New ransomware attacks show Macs aren’t as safe as many believe
- April 5, 2016
- Posted by: newhorizons
- Category: New horizons news
New ransomware attacks show Macs aren't as safe as many believe
3/7/2016 3:03:00 PM
Macs have long been held as the gold standard of cybersecurity – not because they're innately safer but because hackers never really went to the trouble of coding malware for them. Due to its popularity with users around the globe, Windows has always been the favorite operating system of cybercriminals when attempting to infect machines. A new strain of ransomware is turning this worldview on its head, however.
KeRanger is a piece of malware designed specifically to encrypt the files of Mac computers, according to Reuters. This is the first time such an infection has befallen the Apple product, and shows that hackers are adapting to the current cybersecurity environment.
"The whole debacle began with a program called Transmission."
How did it start?
The whole debacle began with a program called Transmission putting out a new update. Transmission is used by BitTorrent to move data back and forth, making it invaluable to many users. As such, people were quick to update to the newest version of the program. Sadly, this was their undoing, as Transmission 2.90 was infected with the KeRanger malware. Anyone who downloaded the update was immediately compromised. However, the ransomware didn't go into effect right away.
KeRanger waits for three days before encrypting the data on the user's computer. This most likely is meant to throw users off the hacker's trail, making it difficult to discover where the infection came from to begin with. Thankfully, this particular piece of malware was discovered within the three-day window. Transmission's developers quickly made a new version that purportedly removes the ransomware from users' computers. Anyone who might have the infected program on their computer has been advised to update to Transmission version 2.92.
If the user misses the update window, the malware will instantly encrypt all information stored on their computer on the third day. Once this happens, there is very little they can do in terms of restoring access to their files. The only choice left is a payment of one bitcoin, or the equivalent of about $400.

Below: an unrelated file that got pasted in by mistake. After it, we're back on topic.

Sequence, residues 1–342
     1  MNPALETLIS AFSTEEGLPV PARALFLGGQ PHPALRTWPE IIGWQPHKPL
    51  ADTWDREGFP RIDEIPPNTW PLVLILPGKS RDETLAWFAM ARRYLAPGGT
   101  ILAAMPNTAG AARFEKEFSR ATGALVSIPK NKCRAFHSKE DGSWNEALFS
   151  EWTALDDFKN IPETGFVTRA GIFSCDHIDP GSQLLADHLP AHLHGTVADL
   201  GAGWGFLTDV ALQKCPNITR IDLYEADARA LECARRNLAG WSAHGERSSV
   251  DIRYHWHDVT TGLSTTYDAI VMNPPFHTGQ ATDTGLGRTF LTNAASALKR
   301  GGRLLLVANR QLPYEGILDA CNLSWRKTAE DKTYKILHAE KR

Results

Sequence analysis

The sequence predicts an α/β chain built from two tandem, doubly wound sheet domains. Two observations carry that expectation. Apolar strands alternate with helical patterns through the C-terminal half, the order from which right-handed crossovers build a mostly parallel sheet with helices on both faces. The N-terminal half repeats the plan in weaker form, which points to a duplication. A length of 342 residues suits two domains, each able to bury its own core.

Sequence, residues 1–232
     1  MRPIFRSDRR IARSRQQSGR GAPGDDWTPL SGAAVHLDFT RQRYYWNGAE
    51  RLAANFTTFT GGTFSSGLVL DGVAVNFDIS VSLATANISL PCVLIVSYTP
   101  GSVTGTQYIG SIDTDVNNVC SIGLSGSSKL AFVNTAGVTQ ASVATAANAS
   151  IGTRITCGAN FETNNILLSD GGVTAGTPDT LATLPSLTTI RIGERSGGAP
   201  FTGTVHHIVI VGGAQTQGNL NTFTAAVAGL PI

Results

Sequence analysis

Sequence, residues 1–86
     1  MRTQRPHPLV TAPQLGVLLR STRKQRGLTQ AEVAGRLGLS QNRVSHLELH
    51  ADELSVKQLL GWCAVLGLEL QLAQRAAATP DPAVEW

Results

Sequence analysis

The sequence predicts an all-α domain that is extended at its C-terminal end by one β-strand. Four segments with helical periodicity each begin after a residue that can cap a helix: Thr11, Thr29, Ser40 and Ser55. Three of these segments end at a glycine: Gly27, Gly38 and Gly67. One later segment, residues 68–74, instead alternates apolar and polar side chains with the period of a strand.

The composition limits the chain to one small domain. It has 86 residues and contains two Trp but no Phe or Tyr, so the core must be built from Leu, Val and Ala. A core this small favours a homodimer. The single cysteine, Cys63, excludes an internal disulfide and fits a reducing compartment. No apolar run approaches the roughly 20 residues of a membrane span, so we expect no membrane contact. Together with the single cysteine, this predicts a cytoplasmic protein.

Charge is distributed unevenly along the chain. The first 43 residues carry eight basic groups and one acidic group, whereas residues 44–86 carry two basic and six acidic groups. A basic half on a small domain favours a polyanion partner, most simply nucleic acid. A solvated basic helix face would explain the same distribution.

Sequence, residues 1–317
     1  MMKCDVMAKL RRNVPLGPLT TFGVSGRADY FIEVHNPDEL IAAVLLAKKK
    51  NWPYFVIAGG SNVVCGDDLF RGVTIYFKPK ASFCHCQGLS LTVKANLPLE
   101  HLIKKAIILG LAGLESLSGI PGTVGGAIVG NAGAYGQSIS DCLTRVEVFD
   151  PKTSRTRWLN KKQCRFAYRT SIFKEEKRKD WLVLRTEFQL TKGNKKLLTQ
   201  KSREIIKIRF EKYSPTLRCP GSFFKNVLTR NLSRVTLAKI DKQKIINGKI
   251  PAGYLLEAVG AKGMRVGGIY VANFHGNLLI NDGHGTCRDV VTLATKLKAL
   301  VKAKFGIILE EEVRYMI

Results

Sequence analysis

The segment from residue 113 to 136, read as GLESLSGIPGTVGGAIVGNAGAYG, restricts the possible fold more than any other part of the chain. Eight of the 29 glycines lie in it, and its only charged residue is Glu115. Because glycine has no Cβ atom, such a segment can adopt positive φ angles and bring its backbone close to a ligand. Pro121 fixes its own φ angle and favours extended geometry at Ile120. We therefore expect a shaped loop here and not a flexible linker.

The malicious nature of this act aside, it is interesting to see hackers targeting new systems. Ryan Olson from Palo Alto Networks echoed this sentiment in an interview with Ars Technica, while also voicing concern for the future.
"It is a little bit surprising because ransomware has been so incredibly popular for Windows and mobile platforms," Olson said. "It's now of the most popular criminal business models. The fact that it hasn't made it to Mac shows that it's had a great amount of success on the Windows side. But the fact that [the malware] was distributed through a legit application demonstrates that we will see this again."
Ransomware is becoming a big problem
Although this is the first time a major ransomware attack has worked its way onto Macs, ransomware certainly isn't a new form of extortion. The malware has been running rampant the past few years, racking up a major chunk of change for online criminals. The fear of false messages from institutions like the FBI, coupled with the average user's lack of knowledge about these kinds of affairs, clearly makes for a lucrative industry. The McAfee Labs Threats Report from November 2015 found that a single piece of ransomware called CryptoWall Version 3 was responsible for the theft of more than $325 million.
Total figures for these kinds of crimes are incredibly hard to put together, both because of the unreported nature of many of these attacks and also because of how quickly this trend is growing. The McAfee report also stated that the security firm observed roughly 5 million instances of ransomware attacks just in the third quarter of 2015 alone. That's more than twice the number of observations for the same time in 2014, showing that hackers are increasingly relying on this kind of attack to extort money from their victims.
Cybersecurity professionals are needed
The problem with cyberattacks is the amount of defense required to mitigate the risks of a breach. Cybersecurity professionals need to push back every single attack thrown at them, while hackers have the luxury of sitting back and finding that one vulnerability no one would have thought to plug. The good guys have to succeed 100 percent of the time and the villains only have to succeed once, and as such those working in cybersecurity need an immense amount of computer based training.
That said, working in cybersecurity is one of the most gratifying careers out there. Being employed in this field means constantly working to create a better online world, perhaps one of the noblest goals of the Internet age. If you've ever thought of taking hackers on toe-to-toe, check out the variety of cybersecurity computer training courses offered by New Horizons Computer Learning Centers. New Horizons can help you create a safer space for Internet users the world over.